Billion dollar broadcast deal signals new era for Australian cricket

Alex Broun 14/04/2018
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Cricket Australia is making a bid for the next generation

In a month to forget for Cricket Australia, CEO James Sutherland has somehow pulled a rather large rabbit out of his hat – announcing on Friday a new broadcasting deal for cricket in the nation worth AUD$1.2billion (US$931.7million) over six years.

Of course that is not a huge amount compared to the BCCI’s deal for IPL of Rs16,000 crore (US$2.5billion) over five years but for CA it is quite a windfall, especially since the game has been branded a national disgrace by the PM since the ball-tampering scandal.

It shows whatever stain Messrs Smith, Bancroft and Warner have left on the sport – the lifeblood of Australia’s national summer game is still pumping strongly.

But what is just as interesting as the figures is the deal itself – starting with who it has been signed with.

After 40 years covering cricket, since Kerry Packer’s infamous World Series Cricket revolution, Channel 9 no longer has any cricket broadcast rights.

It’s lucky for those working at Channel 9 that Mr Packer is not with us any longer or heads would be rolling this morning.

Similarly Channel 10, who did a fantastic job turning the Big Bash League into Australia’s most popular cricket tournament, have also been axed – in a very unkind fashion.

In their place come Fox Sports and the Seven Network.

Fox are the big winners as they now have the rights to telecast every home cricket match Australia plays from the start of October 2018.

They have shown men’s overseas matches for the past 20 years – but now they can finally broadcast home games as well.

But for CA this is not just about money – though of course that helps. The move is also about being seen to be more inclusive and doing more to win over a new generation of fans – even more important in the wake of the events in Durban and Cape Town.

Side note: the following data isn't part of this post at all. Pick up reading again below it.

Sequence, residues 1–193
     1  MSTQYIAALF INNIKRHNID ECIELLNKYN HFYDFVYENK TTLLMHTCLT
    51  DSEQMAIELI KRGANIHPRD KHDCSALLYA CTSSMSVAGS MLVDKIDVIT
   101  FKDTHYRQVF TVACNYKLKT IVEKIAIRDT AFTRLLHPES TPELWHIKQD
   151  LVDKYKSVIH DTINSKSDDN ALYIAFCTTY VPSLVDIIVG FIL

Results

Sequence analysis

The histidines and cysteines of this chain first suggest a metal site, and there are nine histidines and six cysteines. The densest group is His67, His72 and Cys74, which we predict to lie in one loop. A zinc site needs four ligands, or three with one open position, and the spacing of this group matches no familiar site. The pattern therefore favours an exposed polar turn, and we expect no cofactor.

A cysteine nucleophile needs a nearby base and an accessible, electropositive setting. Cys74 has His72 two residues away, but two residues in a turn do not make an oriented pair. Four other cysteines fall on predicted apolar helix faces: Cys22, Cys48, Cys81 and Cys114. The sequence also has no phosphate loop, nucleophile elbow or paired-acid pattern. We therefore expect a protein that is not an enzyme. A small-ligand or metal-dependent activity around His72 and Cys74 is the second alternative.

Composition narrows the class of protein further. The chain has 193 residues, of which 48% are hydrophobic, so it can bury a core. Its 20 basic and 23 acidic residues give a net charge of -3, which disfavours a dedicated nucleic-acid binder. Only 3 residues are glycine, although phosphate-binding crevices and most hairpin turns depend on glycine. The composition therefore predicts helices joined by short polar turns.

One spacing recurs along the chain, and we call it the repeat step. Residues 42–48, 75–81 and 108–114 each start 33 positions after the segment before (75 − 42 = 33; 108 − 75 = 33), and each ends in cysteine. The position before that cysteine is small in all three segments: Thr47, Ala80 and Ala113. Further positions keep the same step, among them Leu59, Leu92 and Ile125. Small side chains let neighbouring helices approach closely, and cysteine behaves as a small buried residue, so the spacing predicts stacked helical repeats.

But Fox Sports have to keep up their end of the bargain.

Yes they get the blue ribbon events, like the Test series with India next summer – but they will also have to broadcast events with a smaller level of interest – women’s international for instance, which will be simulcast on Fox Sports and on free-to-air on the Seven Network.

In a similar vein both Fox and Seven will simulcast 23 Women’s Big Bash League (WBBL) matches while, in what CA called a “boon for state cricket” domestic List A and first-class matches will return to television screens, with 13 domestic One-Day Cup matches and the Sheffield Shield Final to be broadcast on Fox Sports.

Fox Sports will also televise the annual Prime Minister’s XI and Governor-General’s XI matches.

These matches will not rate highly, and of course production costs will be high, but to get the cherry on top – Fox Sports also needs to bake the pie.

One of those cherries is men’s ODIs and Twenty20 in Australia but the real win for Fox Sports however is the BBL, the most successful new sporting tournament in Australia in the last 20 years.

Fox have the right to televise the entirety of the BBL – 16 matches exclusively.

To fit in all this new content Fox will launch their new channel Fox Cricket, along the lines of Fox League (NRL) and Fox Footy (AFL).

There will be a new Super Saturday format as well as a host of talk-shows.

All of this has grabbed the headlines – of course – but the really interesting developments are in the details.

To quote the CA release: “Fox Sports has also secured the digital rights to all cricket in partnership with Cricket Australia’s digital arm, Cricket Network, giving fans the chance to stream live matches on any device.”

The reality is that cricket had fallen behind League, AFL, the Premier League and US sports in offering more versatility in how to watch games.

They were in danger of losing younger fans who choose to experience their sport in a more flexible and mobile format, rather than sitting back on the sofa listening to the dulcet tones of Bill Lawry. (81-year-old Lawry was a Channel 9 stalwart and very hard to see either Fox Sports or Channel 7 picking up his contract.)

The public face of the game will also change with Nine’s Mark Nicholas and Mark “Tubby” Taylor set to be replaced by younger and more “inclusive” faces.

Foxtel CEO Patrick Delany has promised “a revolution of energy, quality and commentary” – more than welcome to those who have endured the same tired voices at Nine for almost half a century.

Australia is a very different nation to what is was in the 70s but with the exclusively white, male commentary team you could be excused for thinking you were stuck in a time warp.

What this means for cricket globally is that the game is in surprisingly good health.

Rather than turn people off – the drama and scandal of the recent South African series seems to have re-ignited interest.

CA have entrusted Fox and Seven to re-kindle that interest. The players as well must play their part.

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